Mobility Portal, Spain
Date: April 16, 2024
Inés Platini
By Inés Platini
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The AFIR has arrived! Spain must step up its game with the deployment of charging points

Since last Saturday, the AFIR Regulation has become mandatory in all member countries, and compliance is estimated to require a national investment of around 1.4 billion euros. How is the sector responding?

The Alternative Fuels Infrastructure Regulation (AFIR) was published on September 13, 2023, and came into force 20 days later, on October 12.

As of last Saturday, April 13, compliance with this regulation is mandatory and directly applicable in each European Union (EU) member state.

According to the sector, this constitutes one of the main regulatory achievements of 2024, thus facilitating the transition towards a road transport system free of greenhouse gas emissions.

The Spanish Bus Transport Confederation (CONFEBUS) has indicated to Mobility Portal España that this issue is of utmost importance.

In this regard, they argue that the charging infrastructure network is one of the three basic conditions for the ecological transition of road transport, along with the availability of clean vehicles and alternative fuels.

Jaime Rodriguez Medal, Director of CONFEBUS.

Charging points are currently a pending issue for the deployment of sustainable fleets, as there is a shortage of them,” says Jaime Rodriguez Medal, Director of CONFEBUS.

Currently, the national territory has 30,350 installed chargers, of which 1,923 have a power ranging from 50 kilowatts (kW) to 250 kW, and 587 exceed 250 kW.

According to the Business Association for the Development and Promotion of Electric Mobility (AEDIVE), public high-power infrastructure (+250 kW) grew by 90 per cent in 2023 and fast charging (50 to 250 kW) by 95per cent.

As revealed in the 2023-2024 Yearbook compiled by the organization, this option is currently preferred by electric vehicle (EV) users.

Following the entry into force of the AFIR, all newly constructed charging points in EU countries must comply with the Regulation’s requirements, while existing infrastructure will not be affected.

Raquel Sánchez, former minister.

However, as of January 1, 2027, the modernization of older charging points with a capacity of 50 kW or higher will also be required.

The former Minister of Transport, Mobility and Urban Agenda (now Transport and Sustainable Mobility), Raquel Sánchez, described this law as “a milestone of our ‘Fit for 55’ policy”.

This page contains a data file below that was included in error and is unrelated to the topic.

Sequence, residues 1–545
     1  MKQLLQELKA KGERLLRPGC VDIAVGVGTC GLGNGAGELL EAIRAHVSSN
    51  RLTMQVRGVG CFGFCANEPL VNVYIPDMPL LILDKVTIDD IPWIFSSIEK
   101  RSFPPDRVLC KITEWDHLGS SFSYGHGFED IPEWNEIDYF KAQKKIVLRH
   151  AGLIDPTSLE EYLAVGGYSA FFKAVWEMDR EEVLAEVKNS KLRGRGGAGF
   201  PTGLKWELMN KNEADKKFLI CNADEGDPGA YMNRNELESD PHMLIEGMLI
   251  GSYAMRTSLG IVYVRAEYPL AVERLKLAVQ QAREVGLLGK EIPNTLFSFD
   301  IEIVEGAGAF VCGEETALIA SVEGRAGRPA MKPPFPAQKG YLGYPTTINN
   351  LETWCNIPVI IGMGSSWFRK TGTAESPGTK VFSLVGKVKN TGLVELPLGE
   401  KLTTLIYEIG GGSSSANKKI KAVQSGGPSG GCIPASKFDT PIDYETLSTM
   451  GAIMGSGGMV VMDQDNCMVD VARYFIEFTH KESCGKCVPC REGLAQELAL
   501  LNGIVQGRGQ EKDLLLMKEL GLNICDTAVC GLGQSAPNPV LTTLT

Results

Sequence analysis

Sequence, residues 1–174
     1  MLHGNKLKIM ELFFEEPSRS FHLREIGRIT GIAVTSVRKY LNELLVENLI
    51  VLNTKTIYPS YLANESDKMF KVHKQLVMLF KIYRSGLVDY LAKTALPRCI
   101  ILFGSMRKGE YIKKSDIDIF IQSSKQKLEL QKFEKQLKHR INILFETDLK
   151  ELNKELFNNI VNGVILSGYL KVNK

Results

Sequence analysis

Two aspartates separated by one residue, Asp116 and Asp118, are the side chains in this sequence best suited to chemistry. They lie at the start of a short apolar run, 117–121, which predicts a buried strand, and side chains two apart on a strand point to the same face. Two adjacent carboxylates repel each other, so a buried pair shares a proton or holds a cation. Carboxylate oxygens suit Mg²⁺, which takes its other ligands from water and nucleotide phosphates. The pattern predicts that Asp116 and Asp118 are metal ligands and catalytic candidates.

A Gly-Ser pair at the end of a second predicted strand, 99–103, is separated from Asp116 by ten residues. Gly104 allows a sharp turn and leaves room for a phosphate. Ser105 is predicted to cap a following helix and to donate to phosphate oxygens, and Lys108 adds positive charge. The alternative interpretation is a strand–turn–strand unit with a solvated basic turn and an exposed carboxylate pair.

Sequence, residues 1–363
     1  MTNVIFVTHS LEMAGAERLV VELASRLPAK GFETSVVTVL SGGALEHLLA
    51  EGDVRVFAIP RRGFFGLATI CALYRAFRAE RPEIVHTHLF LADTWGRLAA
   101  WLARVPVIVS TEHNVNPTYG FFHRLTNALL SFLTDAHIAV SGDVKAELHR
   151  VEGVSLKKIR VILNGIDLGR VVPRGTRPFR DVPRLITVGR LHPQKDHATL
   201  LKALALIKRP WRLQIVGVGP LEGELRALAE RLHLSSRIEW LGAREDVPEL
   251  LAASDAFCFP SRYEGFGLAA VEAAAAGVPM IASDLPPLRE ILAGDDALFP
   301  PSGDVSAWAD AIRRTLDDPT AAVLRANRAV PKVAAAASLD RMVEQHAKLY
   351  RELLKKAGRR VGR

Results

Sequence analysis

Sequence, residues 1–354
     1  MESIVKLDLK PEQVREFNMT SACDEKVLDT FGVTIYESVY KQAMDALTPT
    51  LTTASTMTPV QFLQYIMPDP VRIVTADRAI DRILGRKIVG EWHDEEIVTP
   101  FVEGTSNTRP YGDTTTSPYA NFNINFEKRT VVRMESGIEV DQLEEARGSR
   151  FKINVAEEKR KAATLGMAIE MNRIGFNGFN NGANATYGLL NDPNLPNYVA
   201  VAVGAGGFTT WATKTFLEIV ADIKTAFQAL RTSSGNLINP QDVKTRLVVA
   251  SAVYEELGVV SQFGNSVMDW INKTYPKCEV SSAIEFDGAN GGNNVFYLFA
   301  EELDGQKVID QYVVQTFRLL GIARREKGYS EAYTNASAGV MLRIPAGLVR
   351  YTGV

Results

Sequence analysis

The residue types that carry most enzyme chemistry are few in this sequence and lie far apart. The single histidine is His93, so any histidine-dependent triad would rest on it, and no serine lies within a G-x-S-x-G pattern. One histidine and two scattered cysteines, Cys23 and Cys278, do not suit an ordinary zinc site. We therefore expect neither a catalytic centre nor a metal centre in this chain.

This is because it envisages an expansion of public charging capacity both in urban roads and along highways throughout Europe.

Fernando Miguélez, General Director of Ganvam.

“We are optimistic and believe that in the near future citizens will be able to charge their electric cars every 60 kilometers as easily as they now do at traditional petrol stations,” she said.

On his part, the General Director of the National Association of Vehicle Sellers (Ganvam), Fernando Miguélez, believes that this agreement responds to the sector’s needs and “provides certainty”.

What is Spain’s roadmap to comply with the AFIR?

By 2027, it will be required that the territory double the number of public charging stations, and by 2030, it should have a number of chargers ten times greater than the current.

This measure is crucial, especially for heavy transport, which represents 29 per cent of road transport emissions in Spain.

For logistics companies to transition to electric mobility, they not only need incentives but also a charging network that guarantees the possibility of carrying out their routes safely and smoothly.

Javier Avello, Strategic Project Manager at Lodisna.

Recently, Javier Avello, Strategic Project Manager at Lodisna, told Mobility Portal Espala that the company is eagerly awaiting the AFIR “like May rain”.

The regulation aims not only to ensure infrastructure availability but also to promote transparency in prices and offer ad hoc payment options.

Specifically, according to AEDIVE data, Spain aims to electrify 1 per cent of the most frequented truck stop locations by 2025.

This would equate to approximately 80 stations and around 736 charging points.

Of these, it is expected that 16 will be Megawatt Charging stations (MCS) and 720 will be DC charging with the CCS standard.

By 2027, estimates indicate an increase to 5 per cent, which would require around 120 stations and approximately 1,360 charging points, distributed as 60 MCS and 1,300 CCS.

Finally, by 2030, the goal is to electrify 10 per cent of the most frequented stop locations, which would require the installation of around 365 stations and approximately 7,000 charging points.

Of these, it is anticipated that around 700 will be MCS and 6,300 will be CCS.

The installation of chargers to comply with the regulation will add up to accumulated investments of around 1.4 billion euros.

Of this total, approximately 50 per cent will be for reinforcement and extension of the network, and another 50 per cent for the installation of charging infrastructures.

It is worth noting that recently the European Commission has allocated more than 72 million euros to Spain as part of the second phase of the Alternative Fuels Infrastructure Fund (AFIF 2024-2025).

This particularly supports the objectives set out in the new regulation for the deployment of alternative fuels infrastructures.

This funding will contribute to projects for the implementation of electric charging points, as well as hydrogen refueling stations.

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